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Thursday, August 17, 2017

The Fine Line Of Raising A Fierce Daughter

From the moment my daughter was born – even before, really – I wanted her to be fierce.
I wanted her to live fiercely and love fiercely and go after her dreams with purpose and drive and determination. I still want all of that for her.

I've raised her to be outspoken about what she wants. To voice her opinions. To believe that she matters and her voice counts.

I've raised her to expect to be respected for herself, for her views, for what she brings to the table, and to not tolerate anyone's lack of respect for any of that.

And it has worked, so far.

She's spunky and fearless and smart and well-spoken in the extreme. I have no doubt that when the time comes for her to fly the nest, she'll kick down the door and any door that stands between her and the world she plans to make for herself.

I'm so incredibly proud of her for that.

And I'm so incredibly bowled over by that sometimes, because all of this fierce training has also made for some fierce lessons in parenting and some fierce fights between us, on occasion.

She gives as good as she gets, and she is a more than worthy adversary now in her teen years, when mothers and daughters fight their biggest battles. She comes at me with a ferocity that sets my teeth on edge and makes me want to pull my hair and paddle her simultaneously.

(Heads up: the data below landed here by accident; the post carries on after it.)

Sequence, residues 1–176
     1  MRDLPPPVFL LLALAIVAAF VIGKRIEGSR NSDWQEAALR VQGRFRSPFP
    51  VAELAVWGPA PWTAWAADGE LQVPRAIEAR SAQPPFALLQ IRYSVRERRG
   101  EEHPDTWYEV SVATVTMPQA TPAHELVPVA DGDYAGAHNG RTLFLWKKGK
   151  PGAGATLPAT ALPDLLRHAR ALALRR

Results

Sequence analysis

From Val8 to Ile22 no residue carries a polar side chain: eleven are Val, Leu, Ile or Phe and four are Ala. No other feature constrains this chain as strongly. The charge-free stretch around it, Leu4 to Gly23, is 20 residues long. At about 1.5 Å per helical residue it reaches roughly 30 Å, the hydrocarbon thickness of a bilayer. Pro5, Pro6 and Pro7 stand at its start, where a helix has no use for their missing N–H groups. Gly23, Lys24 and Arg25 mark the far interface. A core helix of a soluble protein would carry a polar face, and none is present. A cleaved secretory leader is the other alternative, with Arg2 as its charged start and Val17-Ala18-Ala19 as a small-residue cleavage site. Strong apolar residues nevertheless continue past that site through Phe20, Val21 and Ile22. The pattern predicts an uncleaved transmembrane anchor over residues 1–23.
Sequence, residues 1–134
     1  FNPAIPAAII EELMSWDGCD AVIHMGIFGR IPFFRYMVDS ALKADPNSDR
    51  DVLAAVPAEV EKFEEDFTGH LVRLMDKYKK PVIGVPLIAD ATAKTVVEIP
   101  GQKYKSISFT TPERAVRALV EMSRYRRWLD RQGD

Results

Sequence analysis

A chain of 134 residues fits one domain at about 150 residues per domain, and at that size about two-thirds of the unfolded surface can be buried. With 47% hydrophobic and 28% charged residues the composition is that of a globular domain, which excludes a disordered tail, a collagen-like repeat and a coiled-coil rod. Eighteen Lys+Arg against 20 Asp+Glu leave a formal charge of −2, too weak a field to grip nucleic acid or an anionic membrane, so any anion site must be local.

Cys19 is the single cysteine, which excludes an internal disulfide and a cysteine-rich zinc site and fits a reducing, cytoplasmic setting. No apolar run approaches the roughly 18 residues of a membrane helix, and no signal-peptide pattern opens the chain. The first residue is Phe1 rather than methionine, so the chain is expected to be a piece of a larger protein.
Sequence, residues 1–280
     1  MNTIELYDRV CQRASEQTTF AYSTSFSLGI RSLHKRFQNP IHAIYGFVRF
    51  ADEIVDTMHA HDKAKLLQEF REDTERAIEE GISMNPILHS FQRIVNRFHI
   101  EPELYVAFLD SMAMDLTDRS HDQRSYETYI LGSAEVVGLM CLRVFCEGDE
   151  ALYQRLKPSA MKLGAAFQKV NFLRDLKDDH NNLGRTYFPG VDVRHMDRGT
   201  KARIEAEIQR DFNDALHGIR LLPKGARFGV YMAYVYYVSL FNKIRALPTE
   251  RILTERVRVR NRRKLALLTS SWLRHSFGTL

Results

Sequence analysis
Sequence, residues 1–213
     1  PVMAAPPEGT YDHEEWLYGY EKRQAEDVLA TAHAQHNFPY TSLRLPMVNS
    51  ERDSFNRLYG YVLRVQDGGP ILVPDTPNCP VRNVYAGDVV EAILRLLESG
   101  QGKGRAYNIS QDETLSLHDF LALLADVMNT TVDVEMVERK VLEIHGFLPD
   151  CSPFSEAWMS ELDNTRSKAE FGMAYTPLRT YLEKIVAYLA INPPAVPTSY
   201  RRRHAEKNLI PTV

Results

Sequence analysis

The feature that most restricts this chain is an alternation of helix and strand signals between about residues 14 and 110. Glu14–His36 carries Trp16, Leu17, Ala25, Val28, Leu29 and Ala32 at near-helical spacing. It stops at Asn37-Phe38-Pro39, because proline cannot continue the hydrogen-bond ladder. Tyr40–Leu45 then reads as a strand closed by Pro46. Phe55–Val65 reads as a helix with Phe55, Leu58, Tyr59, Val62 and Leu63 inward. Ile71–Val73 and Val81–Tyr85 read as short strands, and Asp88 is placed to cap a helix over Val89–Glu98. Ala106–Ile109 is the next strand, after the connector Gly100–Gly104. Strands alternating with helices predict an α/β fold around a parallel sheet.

She tears into her brother verbally sometimes, throwing her words like knives with such force and accuracy that I long for the days when they simply used to beat each other with nerf swords or throw Legos at each other's heads.

Which leads to the lessons, oh the lessons I have learned from my need to see her take the world in her fists.

I've taught her that her voice matters, that she must be heard. But I've also had to teach her – over and over - that she's not the only voice that matters, and that sometimes, silence is wiser, stronger, and more prudent.

Teaching a girl to live fiercely must be tempered with the teaching of kindness, of compassion, of responsibility for her words and actions. She must be taught that demanding respect goes hand in hand with showing equal respect. She must be reminded that she doesn't know everyone's story, and that she can't make assumptions based on her own experiences. She must be taught to listen, and not talk over.

Otherwise, she'll never be able to truly love and be loved as fiercely as she deserves. I want that for her, more than anything. I want her fiercely happy, and fiercely loved. She's going to have that. With a little restraint, a little guidance, and a whole lot of patience, she'll learn to have that. 

This wonderful, amazing, fierce girl of mine.

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